Ann M. Blair

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Ann M. Blair
Blair ann dowload 4.jpg
Born 1961
Nationality American
Fields historian
Institutions Harvard University
Alma mater Harvard University;
University of Cambridge;
Princeton University.
Thesis Restaging Jean Bodin: the Universae Naturae Theatrum (1596) in its cultural context (1990)
Doctoral advisor Anthony Grafton

Ann M. Blair (/blɛər/; born 1961) is an American historian, and Henry Charles Lea Professor of History at Harvard University.[1]

She is most widely known for being the author of the bestselling book Too Much to Know: Managing Scholarly Information before the Modern Age (2010).

Life[edit]

Blair studied at Harvard University, the University of Cambridge and Princeton University. At Princeton, she was the first graduate student of Anthony Grafton. She defended a dissertation entitled 'Restaging Jean Bodin: the Universae Naturae Theatrum (1596) in its cultural context' in 1990, which became the basis of her 1997 book. Since 1996 she has taught at Harvard University.

Awards[edit]

Works[edit]

  • (ed. with Anthony Grafton, The Transmission of Culture in Early Modern Europe, University of Pennsylvania Press, 1990, ISBN 978-0-8122-1667-7
  • The Theater of Nature: Jean Bodin and Renaissance Science, Princeton, NJ: Princeton University Press, 1997, ISBN 978-0-691-05675-3
  • "Reading Strategies for Coping with Information Overload, ca. 1550-1700," Journal of the History of Ideas 64 (2003), pp. 11–28.
  • "Note-Taking as an Art of Transmission," Critical Inquiry 31 (2004), pp. 85–107.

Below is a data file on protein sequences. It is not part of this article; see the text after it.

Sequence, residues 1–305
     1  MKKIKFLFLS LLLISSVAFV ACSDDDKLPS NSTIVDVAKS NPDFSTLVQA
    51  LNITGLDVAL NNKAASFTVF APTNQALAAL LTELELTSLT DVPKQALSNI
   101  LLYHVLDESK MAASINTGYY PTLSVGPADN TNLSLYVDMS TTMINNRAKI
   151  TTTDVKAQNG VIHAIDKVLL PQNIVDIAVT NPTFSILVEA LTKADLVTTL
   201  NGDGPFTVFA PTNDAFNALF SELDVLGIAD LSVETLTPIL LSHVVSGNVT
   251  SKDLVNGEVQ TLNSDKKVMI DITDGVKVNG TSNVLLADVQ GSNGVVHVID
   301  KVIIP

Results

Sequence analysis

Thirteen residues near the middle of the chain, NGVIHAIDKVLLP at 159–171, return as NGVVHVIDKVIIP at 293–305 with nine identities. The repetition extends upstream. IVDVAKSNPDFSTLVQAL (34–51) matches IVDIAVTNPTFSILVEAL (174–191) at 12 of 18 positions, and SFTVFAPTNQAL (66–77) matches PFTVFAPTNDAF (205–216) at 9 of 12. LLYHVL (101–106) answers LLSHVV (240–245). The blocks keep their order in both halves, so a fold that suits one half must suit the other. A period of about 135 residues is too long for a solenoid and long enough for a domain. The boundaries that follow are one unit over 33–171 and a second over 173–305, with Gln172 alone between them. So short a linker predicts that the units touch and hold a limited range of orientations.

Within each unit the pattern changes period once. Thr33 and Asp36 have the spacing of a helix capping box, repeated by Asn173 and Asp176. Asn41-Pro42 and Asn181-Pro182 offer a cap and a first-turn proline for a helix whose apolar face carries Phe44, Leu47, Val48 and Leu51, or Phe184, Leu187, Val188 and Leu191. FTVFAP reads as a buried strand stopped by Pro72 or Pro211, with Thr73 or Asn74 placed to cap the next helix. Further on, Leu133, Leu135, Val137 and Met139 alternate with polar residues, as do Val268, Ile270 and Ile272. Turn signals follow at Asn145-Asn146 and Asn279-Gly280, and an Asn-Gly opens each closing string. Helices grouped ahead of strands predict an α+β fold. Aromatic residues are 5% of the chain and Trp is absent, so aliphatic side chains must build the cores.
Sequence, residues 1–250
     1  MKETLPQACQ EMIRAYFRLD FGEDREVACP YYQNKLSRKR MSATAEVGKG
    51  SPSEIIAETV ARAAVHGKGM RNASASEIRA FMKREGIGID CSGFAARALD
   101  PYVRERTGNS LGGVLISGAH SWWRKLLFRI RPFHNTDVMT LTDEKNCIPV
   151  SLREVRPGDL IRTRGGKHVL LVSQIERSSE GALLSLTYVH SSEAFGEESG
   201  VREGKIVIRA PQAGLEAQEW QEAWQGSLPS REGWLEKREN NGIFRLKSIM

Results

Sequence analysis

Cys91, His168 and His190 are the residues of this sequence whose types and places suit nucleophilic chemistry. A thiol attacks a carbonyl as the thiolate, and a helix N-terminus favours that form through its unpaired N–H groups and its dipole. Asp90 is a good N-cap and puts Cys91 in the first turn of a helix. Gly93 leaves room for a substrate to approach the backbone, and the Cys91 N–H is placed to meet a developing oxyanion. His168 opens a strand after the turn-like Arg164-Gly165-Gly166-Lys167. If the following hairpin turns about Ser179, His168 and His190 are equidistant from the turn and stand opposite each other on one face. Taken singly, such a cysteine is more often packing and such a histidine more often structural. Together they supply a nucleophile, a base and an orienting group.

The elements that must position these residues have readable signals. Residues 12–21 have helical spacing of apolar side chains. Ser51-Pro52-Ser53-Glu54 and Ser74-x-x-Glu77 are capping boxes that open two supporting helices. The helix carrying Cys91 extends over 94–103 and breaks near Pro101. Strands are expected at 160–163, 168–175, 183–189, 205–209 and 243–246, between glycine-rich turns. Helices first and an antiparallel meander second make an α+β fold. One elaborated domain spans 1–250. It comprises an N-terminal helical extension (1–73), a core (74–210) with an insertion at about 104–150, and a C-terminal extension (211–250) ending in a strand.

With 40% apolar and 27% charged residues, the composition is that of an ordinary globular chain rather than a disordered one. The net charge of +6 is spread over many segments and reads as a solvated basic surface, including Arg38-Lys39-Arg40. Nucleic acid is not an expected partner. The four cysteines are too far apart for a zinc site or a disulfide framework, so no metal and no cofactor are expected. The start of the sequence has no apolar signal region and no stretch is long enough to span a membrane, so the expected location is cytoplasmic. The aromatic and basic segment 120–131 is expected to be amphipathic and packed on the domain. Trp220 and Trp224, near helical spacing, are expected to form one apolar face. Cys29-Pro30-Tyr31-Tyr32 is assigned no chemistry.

• "Natural Philosophy" in The Cambridge History of Science, vol. 3: Early Modern Science, ed. Katharine Park and Lorraine Daston (Cambridge: Cambridge University Press, 2006), pp. 365–405.
  • "Organizations of Knowledge," in Cambridge Companion to Renaissance Philosophy, ed. James Hankins (Cambridge: Cambridge University Press, 2007), pp. 287–303.
  • "Science and Religion," in Cambridge History of Christianity, vol. 6: Reform and Expansion, 1500–1660, ed. Ronnie Po-Chia Hsia (Cambridge: Cambridge University Press, 2007), pp. 427–45.
  • (ed. with Jennifer Milligan), a special issue of Archival Science 7:4 (2007) entitled "Toward a cultural history of archives," with a co-authored introduction, pp. 289–96
  • "Textbooks and Methods of Note-Taking in Early Modern Europe," in Scholarly Knowledge: Textbooks in Early Modern Europe, ed. Emidio Campi, Simone de Angelis, Anja-Silvia Goeing and Anthony Grafton (Geneva: Droz, 2008), pp. 39–73.
  • "Corrections manuscrites et listes d'errata à la Renaissance," in Esculape et Dionysos. Mélanges en l'honneur de Jean Céard, ed. Jean Dupèbe, Franco Giacone, Emmanuel Naya and Anne-Pascale Pouey-Mounou (Geneva: Droz, 2008), pp. 269–86.
  • "Disciplinary Distinctions before the 'Two Cultures,'" The European Legacy 13:5 (2008), pp. 577–88, in a special issue on "The Languages of the Sciences and the Languages of the Humanities," ed. Oren Harman.
  • The rise of note-taking in Early Modern Europe. Intellectual History Review 20(3): 303-16.
  • Too Much to Know: Managing Scholarly Information before the Modern Age, Yale University Press, 2010

References[edit]

External links[edit]